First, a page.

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Red Hat Challenges Swiss Government Over Microsoft Monopoly 245

An anonymous reader writes "'Linux vendor Red Hat, and 17 other vendors, have protested a Swiss government contract given to Microsoft without any public bidding. The move exposes a wider Microsoft monopoly that European governments accept, despite their lip service for open source, according to commentators. The Red Hat group has asked a Swiss federal court to overturn a three-year contract issued to Microsoft by the Swiss Federal Bureau for Building and Logistics, to provide Windows desktops and applications, with support and maintenance, for 14M Swiss francs (£8M; $15M) each year. The contract, for 'standardized workstations,' was issued with no public bidding process, Red Hat's legal team reports in a blog — because the Swiss agency asserted there was no sufficient alternative to Microsoft products.'"
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Red Hat Challenges Swiss Government Over Microsoft Monopoly

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  • by Samalie ( 1016193 ) on Monday May 25, 2009 @04:49PM (#28087479)
    Actually, the sad part is there is probably truth in the parent.

    Somebody in the procurement department either

    (a) Has a report from someone in their IT Department that erroneously states that they need won't work with Linux, and therefore has to be excluded from the procurement process.


    (b) Has a report from someone in their IT Department that correctly states that they need won't work with Linux, and therefore has to be excluded from the procurement process.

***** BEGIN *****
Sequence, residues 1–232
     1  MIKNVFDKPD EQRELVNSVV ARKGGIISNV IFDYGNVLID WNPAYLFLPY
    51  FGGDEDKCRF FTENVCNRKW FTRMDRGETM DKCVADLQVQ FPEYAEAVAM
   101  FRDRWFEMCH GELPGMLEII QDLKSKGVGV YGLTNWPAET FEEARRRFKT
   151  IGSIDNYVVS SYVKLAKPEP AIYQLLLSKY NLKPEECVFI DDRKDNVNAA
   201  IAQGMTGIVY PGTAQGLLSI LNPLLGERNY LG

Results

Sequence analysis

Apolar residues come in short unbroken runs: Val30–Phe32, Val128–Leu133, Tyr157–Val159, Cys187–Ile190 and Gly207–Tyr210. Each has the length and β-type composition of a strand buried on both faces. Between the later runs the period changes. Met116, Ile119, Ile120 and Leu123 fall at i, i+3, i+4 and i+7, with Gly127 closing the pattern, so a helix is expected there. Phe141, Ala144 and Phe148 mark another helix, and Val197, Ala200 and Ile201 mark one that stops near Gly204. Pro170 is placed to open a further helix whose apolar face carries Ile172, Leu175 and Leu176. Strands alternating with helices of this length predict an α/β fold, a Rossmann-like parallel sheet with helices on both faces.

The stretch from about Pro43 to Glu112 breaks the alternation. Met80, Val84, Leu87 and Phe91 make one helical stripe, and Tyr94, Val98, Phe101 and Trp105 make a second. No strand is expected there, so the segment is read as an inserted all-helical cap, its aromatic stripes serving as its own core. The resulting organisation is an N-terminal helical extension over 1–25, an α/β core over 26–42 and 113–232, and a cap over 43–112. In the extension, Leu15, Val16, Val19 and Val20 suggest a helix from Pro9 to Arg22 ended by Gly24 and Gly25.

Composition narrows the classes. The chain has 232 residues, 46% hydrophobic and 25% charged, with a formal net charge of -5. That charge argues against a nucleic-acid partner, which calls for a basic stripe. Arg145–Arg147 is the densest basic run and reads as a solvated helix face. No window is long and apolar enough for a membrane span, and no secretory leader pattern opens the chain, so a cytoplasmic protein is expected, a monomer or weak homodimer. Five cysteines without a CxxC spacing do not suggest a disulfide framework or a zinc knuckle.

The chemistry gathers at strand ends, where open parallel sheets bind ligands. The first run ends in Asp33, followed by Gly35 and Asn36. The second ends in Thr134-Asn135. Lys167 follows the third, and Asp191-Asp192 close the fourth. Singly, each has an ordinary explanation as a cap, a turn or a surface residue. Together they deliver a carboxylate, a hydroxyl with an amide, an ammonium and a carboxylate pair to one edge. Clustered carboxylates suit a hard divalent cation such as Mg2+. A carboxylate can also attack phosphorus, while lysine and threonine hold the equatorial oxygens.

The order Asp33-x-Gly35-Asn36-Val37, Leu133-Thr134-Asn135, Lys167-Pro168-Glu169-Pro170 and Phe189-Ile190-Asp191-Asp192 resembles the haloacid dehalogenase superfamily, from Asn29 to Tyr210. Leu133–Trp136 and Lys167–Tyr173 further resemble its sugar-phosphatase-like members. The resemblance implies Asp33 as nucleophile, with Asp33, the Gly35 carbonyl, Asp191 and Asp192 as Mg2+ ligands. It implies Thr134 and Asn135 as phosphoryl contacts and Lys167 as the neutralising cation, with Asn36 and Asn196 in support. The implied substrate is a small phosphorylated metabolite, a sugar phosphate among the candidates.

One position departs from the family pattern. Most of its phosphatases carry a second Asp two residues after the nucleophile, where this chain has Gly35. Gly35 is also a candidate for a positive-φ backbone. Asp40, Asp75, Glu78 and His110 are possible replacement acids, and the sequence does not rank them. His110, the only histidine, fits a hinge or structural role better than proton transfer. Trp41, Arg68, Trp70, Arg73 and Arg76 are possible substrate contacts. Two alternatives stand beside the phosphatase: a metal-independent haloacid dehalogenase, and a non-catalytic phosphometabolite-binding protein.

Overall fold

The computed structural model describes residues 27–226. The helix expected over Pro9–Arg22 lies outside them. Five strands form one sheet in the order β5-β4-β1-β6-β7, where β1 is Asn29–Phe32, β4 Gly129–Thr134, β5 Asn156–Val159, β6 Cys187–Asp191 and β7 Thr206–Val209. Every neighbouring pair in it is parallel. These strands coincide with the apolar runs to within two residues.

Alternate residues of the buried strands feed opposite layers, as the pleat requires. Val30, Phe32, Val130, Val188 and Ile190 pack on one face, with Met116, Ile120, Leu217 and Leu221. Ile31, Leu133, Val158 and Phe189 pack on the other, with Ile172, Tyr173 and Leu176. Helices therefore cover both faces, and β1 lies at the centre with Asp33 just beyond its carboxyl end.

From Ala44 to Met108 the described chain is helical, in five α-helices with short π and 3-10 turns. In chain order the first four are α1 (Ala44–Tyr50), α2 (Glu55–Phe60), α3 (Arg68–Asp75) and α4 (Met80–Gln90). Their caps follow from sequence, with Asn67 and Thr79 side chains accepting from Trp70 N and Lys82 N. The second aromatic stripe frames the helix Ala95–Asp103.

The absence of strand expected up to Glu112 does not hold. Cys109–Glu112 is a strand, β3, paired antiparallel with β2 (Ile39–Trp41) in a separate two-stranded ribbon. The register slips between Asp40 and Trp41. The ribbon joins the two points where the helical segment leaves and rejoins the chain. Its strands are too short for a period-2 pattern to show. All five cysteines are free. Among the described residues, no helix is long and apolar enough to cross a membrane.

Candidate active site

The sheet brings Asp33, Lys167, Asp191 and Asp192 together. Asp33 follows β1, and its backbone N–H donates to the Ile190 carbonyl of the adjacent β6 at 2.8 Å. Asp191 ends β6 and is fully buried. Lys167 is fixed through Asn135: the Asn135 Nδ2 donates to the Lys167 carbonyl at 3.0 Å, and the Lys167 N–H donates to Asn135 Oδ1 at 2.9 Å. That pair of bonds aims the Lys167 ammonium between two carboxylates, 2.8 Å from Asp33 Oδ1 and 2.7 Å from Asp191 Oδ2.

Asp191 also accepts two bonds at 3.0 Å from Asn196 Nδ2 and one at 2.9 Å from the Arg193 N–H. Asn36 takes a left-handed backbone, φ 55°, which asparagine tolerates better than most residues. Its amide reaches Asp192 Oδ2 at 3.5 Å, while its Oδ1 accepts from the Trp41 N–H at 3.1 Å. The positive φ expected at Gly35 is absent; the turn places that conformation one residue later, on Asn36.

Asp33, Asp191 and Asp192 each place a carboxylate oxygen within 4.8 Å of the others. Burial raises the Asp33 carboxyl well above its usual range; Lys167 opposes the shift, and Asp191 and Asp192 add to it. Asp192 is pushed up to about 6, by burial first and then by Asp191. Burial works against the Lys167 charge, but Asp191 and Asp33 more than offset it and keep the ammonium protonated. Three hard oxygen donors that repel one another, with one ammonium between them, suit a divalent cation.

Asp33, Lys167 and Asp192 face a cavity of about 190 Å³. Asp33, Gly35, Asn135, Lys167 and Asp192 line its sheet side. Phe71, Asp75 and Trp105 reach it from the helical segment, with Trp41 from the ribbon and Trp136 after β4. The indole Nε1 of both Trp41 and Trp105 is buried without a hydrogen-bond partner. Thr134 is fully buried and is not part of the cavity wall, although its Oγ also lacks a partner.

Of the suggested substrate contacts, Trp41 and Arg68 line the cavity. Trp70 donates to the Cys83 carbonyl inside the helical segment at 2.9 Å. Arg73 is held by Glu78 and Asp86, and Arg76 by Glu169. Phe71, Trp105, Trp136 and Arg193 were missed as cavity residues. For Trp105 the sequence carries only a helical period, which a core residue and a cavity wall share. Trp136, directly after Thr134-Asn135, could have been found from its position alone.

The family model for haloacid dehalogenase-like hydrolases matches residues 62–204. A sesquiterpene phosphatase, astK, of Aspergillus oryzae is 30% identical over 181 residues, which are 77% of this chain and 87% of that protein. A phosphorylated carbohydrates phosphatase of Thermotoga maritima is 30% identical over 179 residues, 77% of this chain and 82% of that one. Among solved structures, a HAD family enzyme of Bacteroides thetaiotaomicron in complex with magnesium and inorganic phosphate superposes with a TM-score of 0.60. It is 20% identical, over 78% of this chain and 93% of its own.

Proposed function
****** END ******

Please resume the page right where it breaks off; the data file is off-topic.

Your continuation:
Unfortunately, that's not a Microsoft Monopoly, in either case. If its (a) then their IT staff suck, not Microsoft's fault, and not making Microsoft a monopoly. If its (b) then Linux sucks for their needs, which again is not Microsoft's fault and does not make Microsoft a monopoly.
  • by Anonymous Coward on Monday May 25, 2009 @04:56PM (#28087549)

    The modern Swiss system is the epitome of capitalism. It has been raised to new hights by the long time finance minister Hans-Rudolf MÃrz who happens to be the President for this year


  • by melted ( 227442 ) on Monday May 25, 2009 @05:06PM (#28087655) Homepage

    Seriously, I've been running Linux as my primary OS for a while now, and my work laptop is joined to Active Directory at work through Likewise Open. Even so, the integration is rudimentary at best, and every piece of software has its own little tweaks and settings. Single sign-on is a PAIN on Linux. Group policies don't exist. Peripheral compatibility is spotty, particularly with scanners. Multi-factor auth is a pain in the ass. Remote desktop (VNC) is really slow compared to RDP which makes VPN-from-home scenario painful.

    Those are a few MUST HAVE things that work in Windows out of the box. RedHat should hire a few more engineers and get them cracking on those, before spending a ton of money on lawyers.

    I do think that they could have supplied quite a bit on the server side, though. File serving, web serving, document sharing, DB - those things don't need Windows anymore.

  • Building department (Score:4, Interesting)

    by Shag ( 3737 ) on Monday May 25, 2009 @05:35PM (#28087909)

    The word "building" in there makes me wonder whether this department might actually have some kind of legitimate need for CAD software or such, which tends to be under-represented on Linux (and Mac, for that matter).

  • by carlzum ( 832868 ) on Monday May 25, 2009 @05:39PM (#28087935)
    There's no use debating how much the agency would save with an MS-alternative. Influential organizations like large corporations, universities, and government agencies will always get substantial discounts on Windows and Office license agreements. MS knows these entities have enormous leverage over their vendors' and customers' software choices. IE-only web sites, VBA applications, and Word forms make alternative software less attractive or even impossible to use.